Himzo Polovina (1927 – 1986)
Sevdalinka is one of the most representative musical and poetic forms of the creative power of our people. Originated by the interweaving of oriental – Ottoman and autochthonous – Slavic culture, Sevdalinka developed and became the pearl of traditional music of Bosnia-Herzegovina. Home – Sevdalinka
Home – Sevdalinka is a treasure trove of information on the music and the musicians above. It also contains videos and music tracks. It does have an English language link as well as Bosnian and German. It’s a fun site to explore.
INTERESTING NOTE: There is a push to have UNESCO recognise Sevdalinka under the “intangible cultural heritage” program. The petition has been active since 2017. Recognition under the UNESCO banner would protect the music as an invaluable link to BH cultural heritage.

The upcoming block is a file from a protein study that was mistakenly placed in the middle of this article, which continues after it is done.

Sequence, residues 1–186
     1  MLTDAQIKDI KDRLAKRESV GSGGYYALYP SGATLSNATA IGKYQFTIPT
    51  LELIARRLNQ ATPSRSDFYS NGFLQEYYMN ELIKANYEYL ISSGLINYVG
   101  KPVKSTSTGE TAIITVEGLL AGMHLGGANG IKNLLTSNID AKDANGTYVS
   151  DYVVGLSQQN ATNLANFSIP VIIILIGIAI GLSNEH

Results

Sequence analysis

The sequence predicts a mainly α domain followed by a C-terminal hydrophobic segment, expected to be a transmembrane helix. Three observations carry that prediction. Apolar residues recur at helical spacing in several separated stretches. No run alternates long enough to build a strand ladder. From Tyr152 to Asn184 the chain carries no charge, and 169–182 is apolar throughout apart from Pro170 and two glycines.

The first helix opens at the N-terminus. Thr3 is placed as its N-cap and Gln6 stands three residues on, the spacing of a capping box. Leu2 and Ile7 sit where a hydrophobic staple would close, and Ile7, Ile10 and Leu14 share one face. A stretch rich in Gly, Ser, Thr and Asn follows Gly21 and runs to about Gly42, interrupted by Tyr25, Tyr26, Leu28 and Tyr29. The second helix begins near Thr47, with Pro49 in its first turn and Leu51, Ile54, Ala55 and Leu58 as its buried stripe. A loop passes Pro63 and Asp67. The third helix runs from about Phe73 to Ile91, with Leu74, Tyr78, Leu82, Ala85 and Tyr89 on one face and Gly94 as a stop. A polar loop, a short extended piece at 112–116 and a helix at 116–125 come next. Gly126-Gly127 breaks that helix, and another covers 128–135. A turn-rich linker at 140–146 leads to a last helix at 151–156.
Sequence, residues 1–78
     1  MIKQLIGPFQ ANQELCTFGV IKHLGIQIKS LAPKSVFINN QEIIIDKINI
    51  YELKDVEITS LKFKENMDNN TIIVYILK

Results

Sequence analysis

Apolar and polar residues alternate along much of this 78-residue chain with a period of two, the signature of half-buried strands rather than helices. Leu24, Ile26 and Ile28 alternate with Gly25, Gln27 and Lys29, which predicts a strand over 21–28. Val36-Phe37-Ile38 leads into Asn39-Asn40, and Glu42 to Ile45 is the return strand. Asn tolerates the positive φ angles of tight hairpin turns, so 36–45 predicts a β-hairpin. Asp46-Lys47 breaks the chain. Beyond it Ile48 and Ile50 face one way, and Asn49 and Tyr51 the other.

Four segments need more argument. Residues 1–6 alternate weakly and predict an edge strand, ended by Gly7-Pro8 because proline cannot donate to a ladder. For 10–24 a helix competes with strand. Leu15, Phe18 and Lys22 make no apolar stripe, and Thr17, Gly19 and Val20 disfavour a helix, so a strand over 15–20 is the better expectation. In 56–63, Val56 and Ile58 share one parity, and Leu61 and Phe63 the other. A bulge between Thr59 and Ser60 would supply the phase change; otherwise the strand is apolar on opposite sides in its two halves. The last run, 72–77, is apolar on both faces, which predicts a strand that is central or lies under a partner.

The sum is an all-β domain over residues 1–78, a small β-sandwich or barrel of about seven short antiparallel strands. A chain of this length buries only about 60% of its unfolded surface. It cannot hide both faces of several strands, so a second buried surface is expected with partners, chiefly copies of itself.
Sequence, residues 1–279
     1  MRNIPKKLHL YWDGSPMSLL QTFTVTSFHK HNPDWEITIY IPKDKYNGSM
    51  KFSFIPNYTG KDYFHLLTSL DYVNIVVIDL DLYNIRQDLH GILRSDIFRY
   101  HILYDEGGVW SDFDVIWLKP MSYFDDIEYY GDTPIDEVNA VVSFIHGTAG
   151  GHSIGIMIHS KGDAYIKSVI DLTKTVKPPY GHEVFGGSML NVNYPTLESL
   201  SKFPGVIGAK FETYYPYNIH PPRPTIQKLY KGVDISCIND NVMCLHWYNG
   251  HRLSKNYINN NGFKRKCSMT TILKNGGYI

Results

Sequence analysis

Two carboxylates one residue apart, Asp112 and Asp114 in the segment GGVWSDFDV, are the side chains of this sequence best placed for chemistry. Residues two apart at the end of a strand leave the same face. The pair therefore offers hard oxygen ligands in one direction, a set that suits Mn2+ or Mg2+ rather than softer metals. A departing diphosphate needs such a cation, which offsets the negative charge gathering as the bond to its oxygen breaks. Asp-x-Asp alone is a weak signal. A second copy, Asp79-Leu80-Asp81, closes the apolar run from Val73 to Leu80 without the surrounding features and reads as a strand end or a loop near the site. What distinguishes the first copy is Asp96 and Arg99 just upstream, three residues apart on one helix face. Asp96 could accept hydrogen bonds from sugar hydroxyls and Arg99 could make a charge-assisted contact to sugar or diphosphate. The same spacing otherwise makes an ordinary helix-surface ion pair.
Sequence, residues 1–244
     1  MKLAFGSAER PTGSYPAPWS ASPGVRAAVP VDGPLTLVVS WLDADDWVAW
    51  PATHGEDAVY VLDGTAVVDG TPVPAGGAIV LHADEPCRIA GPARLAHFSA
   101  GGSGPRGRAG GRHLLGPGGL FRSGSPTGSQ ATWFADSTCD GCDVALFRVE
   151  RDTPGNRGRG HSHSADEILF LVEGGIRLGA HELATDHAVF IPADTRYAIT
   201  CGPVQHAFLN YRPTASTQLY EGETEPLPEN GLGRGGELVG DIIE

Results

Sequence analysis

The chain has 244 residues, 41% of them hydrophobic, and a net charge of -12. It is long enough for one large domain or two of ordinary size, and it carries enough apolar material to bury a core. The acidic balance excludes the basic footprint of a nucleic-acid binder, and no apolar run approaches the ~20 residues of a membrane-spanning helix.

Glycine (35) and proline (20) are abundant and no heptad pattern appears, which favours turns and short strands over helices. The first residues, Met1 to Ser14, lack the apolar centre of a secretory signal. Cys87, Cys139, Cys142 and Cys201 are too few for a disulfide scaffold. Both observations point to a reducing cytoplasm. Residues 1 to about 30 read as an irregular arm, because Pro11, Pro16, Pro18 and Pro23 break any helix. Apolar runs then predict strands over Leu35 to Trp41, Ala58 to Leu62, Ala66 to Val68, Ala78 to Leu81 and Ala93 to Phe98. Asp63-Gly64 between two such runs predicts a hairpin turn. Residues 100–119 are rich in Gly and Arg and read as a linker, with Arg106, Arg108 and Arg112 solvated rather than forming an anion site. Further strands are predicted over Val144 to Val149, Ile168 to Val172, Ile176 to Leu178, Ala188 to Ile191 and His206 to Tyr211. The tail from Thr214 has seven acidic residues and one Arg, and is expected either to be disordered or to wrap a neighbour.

UNESCO is convinced that no development can be sustainable without a strong culture component. Indeed only a human-centred approach to development based on mutual respect and open dialogue among cultures can lead to lasting, inclusive and equitable results. Yet until recently, culture has been missing from the development equation.
To ensure that culture takes it rightful place in development strategies and processes, UNESCO has adopted a three-pronged approach: it spearheads worldwide advocacy for culture and development, while engaging with the international community to set clear policies and legal frameworks and working on the ground to support governments and local stakeholders to safeguard heritage, strengthen creative industries and encourage cultural pluralism. Protecting Our Heritage and Fostering Creativity (unesco.org)